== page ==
The book presents us with familiar characters for our Los Angeles criminal justice system. The chief detective on the case, Lionel Spritz, could give the O.J. investigators a run for their money. The preliminary hearing judge is an amalgam of judges we have seen in real life high-profile cases -- they know they must struggle to maintain control over a high-profile case, yet still have enough flexibility to allow justice to prevail when uncontrollable things begin to occur. Rosenberg even gives us the "Blob" (his affectionate term for the media). The Blob is omnipresent, like vultures who lead other animals to the scene of a kill. Little do they know that they, too, are being used by those being preyed upon. Finally, there are the witnesses. Much like they did during the O.J. Simpson murder case, curious witnesses pop out of the woodwork to team up with the defense and prosecution.
"Death on a High Floor" is a fun read, but it is much, much more. It is also a great reminder of how key legal, strategic and ethical issues arise in criminal cases and the challenges in dealing with them. The book repeatedly raises the question of how a lawyer is expected to control the uncontrollable client? How much control should a client have over a case? Does it matter if that client is himself a lawyer? It is often said that lawyers make terrible witnesses. They make even worse murder defendants.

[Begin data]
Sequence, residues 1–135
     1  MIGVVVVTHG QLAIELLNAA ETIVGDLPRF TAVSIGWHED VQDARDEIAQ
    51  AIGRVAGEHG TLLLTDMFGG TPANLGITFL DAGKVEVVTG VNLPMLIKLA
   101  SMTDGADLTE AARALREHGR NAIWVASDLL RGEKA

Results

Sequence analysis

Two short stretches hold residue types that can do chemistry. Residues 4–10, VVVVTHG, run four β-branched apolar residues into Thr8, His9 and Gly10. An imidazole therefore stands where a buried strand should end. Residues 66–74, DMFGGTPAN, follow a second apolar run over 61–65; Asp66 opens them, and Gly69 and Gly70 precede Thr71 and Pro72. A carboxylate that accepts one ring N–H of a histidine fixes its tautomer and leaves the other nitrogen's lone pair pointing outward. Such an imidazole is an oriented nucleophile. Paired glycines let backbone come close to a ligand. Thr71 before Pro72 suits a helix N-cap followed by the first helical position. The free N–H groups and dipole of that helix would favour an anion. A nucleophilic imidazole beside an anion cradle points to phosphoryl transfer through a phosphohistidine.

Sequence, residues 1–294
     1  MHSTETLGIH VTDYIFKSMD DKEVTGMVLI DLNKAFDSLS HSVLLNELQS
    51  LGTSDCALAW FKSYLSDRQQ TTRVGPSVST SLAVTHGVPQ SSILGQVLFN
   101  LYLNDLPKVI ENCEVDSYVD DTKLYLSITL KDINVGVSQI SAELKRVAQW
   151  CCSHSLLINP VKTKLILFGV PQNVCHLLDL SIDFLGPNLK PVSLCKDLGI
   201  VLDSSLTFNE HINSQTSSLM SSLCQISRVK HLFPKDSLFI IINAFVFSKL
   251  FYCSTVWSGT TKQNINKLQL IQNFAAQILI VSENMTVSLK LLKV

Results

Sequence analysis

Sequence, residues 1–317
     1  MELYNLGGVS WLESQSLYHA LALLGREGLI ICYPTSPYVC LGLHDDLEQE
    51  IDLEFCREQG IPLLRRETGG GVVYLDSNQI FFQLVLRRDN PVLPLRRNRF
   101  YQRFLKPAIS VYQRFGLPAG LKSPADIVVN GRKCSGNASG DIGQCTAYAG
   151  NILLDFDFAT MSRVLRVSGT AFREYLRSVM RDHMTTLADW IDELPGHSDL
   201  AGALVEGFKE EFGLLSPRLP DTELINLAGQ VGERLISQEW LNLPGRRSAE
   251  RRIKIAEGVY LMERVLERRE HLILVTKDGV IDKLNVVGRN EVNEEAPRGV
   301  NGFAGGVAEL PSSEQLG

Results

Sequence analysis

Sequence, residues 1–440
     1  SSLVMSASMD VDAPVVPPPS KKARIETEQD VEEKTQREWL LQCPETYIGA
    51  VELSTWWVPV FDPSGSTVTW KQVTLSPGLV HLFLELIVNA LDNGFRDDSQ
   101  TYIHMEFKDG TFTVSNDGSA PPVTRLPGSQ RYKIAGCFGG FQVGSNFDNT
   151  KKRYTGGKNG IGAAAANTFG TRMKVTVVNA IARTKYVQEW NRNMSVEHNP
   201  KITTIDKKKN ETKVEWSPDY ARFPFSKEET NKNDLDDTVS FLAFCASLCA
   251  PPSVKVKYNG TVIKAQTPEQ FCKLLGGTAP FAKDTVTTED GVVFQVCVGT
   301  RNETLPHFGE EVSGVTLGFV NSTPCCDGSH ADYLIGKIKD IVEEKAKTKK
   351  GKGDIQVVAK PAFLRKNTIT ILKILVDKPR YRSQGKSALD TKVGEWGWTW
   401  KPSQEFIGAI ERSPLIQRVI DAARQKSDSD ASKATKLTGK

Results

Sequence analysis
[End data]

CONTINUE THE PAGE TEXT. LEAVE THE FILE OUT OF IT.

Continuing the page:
It is also fun to see Rosenberg explore the world of conflict of interest rules. Everyone seems to have a stake in the outcome of the case, with allegiances twisting and turning throughout the plot. While the client may think he understands everyone's role, including his own, new information requires the parties to constantly reassess their ethical obligations. Ethical rules are invoked when they help the lawyer; they are ignored when the lawyer wants to win.
Of course, no one can write a book about a Los Angeles murder case without weaving in a "rush to judgment" by the police and prosecutors. Circumstantial evidence cases are essentially Rohrschach tests. Look at the evidence one way and the client is toast. Look at it through another lens and a great injustice is about to occur. Police are trained to make the pieces fit together. As this books shows, that can be a strength or their downfall. The smallest detail, tucked away in a secret compartment of a partner's cabinet, can make all the difference.
Finally, there is the law professor. He is but a disembodied voice from the past that provides a guiding light for his former students. Criminal law professors often feel like their lessons fall on deaf ears. Sure, students will pay attention if a professor says, "and this will be on the test," but real life lessons too often seem to go in one ear and out the other. For some reason, that type of information rarely sticks. Luckily for Tarza, his professor left a lasting imprint: pick the simplest explanation." Be open to the obvious. Believe in what common sense and reason are telling you.
Like every great "whodunit," "Death on a High Floor" has a surprise ending. But the fun is in getting there and appreciating how realistically Rosenberg captures the nuances and rhythm of our criminal justice system. He knows of what he speaks. Every high-profile case he has watched comes alive in this book. It is the lesson of L.A. Law.